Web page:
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    Chicago Public Schools Pull "Persepolis" From Shelves

    The graphic novel was taken off the reading list for middle school students.

    Last week, Chicago Public Schools made the decision to take the graphic novel "Persepolis" off the reading list for seventh grade students.

    The book tells the story of author Marjane Satrapi's experience growing up in Iran around the time of the Islamic revolution.

    "It was brought to our attention that it contains graphic language and images that are not appropriate for general use," said CPS CEO Barbara Byrd-Bennett in a statement about the book.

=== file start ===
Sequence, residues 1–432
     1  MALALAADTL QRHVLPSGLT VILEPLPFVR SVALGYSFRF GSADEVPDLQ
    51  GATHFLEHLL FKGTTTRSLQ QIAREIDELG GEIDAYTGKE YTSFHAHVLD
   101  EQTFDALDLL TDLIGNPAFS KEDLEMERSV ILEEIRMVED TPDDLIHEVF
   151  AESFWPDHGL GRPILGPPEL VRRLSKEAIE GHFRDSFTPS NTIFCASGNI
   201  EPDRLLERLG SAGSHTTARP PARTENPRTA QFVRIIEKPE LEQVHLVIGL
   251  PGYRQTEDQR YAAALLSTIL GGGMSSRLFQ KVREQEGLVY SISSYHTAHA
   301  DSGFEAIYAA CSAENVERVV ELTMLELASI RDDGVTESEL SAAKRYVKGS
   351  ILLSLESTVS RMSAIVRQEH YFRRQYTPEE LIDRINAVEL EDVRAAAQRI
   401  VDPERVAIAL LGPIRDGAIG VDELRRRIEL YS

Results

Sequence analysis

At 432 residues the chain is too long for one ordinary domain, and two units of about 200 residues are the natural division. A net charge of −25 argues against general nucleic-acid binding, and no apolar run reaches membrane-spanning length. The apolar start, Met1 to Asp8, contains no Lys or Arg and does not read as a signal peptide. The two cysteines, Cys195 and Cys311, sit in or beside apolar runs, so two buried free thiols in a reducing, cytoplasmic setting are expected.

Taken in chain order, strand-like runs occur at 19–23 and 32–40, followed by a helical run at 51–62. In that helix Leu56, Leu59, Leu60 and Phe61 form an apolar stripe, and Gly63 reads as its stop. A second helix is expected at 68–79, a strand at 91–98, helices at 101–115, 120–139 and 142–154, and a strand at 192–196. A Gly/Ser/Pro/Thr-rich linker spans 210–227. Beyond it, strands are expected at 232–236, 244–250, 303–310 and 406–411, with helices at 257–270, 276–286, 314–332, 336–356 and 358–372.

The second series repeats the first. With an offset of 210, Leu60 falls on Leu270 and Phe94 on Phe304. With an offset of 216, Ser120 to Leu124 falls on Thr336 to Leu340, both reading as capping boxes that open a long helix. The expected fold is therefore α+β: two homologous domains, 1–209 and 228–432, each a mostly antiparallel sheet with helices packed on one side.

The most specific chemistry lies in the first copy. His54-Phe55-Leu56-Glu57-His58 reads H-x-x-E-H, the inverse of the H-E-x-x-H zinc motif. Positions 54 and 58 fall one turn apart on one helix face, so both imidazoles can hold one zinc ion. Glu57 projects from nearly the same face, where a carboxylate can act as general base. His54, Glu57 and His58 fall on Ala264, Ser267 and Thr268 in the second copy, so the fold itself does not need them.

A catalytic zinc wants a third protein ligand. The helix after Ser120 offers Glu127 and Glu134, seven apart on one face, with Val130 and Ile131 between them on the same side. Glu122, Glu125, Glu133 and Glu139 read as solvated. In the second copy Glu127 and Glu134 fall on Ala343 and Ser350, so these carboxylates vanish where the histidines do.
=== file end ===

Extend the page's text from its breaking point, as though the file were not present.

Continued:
An email sent by a school principal indicated that the book should be removed from libraries.

    In statements, author Marjane Satrapi and her publisher Knopf condemned the removal of the book.

    The National Coalition Against Censorship, the American Library Association’s Office for Intellectual Freedom and the Freedom to Read Foundation all condemned the choice.

    Students and parents protested the decision last week.

    “These are not photos of torture," said Satrapi.

    As of Monday, multiple bookstores in Chicago had sold out of the book.

    In 2008, the film version of "Persepolis" received an Oscar nomination for Best Animated Feature.

    Satrapi won the Grand Jury Prize at Cannes Film Festival in 2007 for the movie.

    "Persepolis" joins a list of numerous acclaimed books that haven't suffered in sales because of potential bannings.